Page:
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Distance Control on the Putting Green

How often do you miss a putt 5 or 6 feet to the left or right? Regardless of your handicap, I'll bet, "not that many!" How often does a putt end up 5 or 6 feet long or short? Probably a lot more!

How to make more putts

This is typical of most golfers and suggests that most three putts are due not to a poor aim or lack of ability to read the green but instead due to a lack of distance control.

In order to be more consistent on the green it is important to avoid 'deceleration' during the putting stroke. Deceleration occurs when the putter slows down (even very slightly) during the forward stroke as it approaches the golf ball. It can cause havoc with distance control. Deceleration does not always result in putts stopping short of the hole. Sometimes putts are too long and sometimes they are too short. If what we have said here describes your putting you may be decelerating during the stroke.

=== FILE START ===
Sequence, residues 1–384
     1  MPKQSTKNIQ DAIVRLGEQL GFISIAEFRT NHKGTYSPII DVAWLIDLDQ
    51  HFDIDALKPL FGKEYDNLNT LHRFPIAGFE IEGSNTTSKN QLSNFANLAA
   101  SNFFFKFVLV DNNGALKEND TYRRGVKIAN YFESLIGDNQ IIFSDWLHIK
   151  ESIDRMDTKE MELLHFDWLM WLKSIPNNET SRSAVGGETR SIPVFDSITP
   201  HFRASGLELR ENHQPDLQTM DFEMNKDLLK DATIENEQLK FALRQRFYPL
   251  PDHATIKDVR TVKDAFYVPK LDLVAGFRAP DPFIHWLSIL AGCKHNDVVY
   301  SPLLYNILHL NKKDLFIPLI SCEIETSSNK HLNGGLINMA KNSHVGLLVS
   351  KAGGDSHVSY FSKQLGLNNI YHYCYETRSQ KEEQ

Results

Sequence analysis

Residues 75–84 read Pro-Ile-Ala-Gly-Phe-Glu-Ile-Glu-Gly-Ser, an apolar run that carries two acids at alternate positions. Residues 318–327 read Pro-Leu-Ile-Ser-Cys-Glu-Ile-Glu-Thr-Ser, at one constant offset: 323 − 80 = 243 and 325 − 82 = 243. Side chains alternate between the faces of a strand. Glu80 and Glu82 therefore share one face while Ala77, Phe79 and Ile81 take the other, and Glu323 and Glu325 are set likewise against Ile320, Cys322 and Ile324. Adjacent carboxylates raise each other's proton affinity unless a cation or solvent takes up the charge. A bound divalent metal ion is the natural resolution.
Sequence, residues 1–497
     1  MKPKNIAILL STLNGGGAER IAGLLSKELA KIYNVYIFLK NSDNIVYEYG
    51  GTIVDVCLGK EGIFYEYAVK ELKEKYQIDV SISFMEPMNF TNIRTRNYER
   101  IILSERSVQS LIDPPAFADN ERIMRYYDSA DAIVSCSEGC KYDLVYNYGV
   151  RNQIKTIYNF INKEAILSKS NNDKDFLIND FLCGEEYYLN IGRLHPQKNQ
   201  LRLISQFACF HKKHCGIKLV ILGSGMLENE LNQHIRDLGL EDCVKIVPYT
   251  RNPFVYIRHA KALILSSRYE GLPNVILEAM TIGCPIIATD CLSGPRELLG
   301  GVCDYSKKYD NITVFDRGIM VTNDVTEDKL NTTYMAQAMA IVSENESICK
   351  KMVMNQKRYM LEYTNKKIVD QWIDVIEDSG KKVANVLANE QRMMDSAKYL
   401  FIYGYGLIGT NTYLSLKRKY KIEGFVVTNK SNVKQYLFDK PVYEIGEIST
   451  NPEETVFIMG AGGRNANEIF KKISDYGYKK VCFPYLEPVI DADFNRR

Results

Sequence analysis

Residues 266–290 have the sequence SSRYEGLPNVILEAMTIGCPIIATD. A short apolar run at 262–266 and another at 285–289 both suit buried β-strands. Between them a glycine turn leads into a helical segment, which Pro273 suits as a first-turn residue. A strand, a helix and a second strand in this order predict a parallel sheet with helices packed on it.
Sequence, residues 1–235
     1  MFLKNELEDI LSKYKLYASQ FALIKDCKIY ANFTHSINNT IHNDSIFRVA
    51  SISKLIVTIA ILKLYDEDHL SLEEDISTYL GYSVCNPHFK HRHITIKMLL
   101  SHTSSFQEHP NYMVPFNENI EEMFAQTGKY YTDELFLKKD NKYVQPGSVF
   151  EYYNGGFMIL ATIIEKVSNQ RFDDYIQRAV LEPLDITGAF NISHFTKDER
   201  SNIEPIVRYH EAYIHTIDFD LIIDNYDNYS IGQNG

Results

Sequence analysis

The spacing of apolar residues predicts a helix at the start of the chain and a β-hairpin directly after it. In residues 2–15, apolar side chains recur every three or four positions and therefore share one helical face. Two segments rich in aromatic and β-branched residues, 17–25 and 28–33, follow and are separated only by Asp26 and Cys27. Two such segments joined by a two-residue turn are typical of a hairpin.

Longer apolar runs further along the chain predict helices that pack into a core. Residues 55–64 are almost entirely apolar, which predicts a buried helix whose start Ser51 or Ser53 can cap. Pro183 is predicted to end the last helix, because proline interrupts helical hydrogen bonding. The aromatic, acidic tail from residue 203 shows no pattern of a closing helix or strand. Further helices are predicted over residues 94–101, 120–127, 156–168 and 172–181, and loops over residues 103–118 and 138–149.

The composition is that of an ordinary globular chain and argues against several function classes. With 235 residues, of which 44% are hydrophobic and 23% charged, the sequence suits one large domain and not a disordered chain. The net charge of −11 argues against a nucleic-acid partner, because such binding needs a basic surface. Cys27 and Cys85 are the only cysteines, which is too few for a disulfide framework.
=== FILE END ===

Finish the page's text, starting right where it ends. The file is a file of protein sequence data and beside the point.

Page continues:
In order to avoid this dreaded malady make a conscious effort to follow through on every putt and not end the stroke once the ball is contacted. In order to ensure that you do not decelerate when putting I use a technique that I have found to be very successful. Every time that you putt, make sure that the follow through (distance the putter travels after impact) is twice the length of the back swing.

By developing this habit you can virtually eliminate any deceleration and become a more consistent distance putter.



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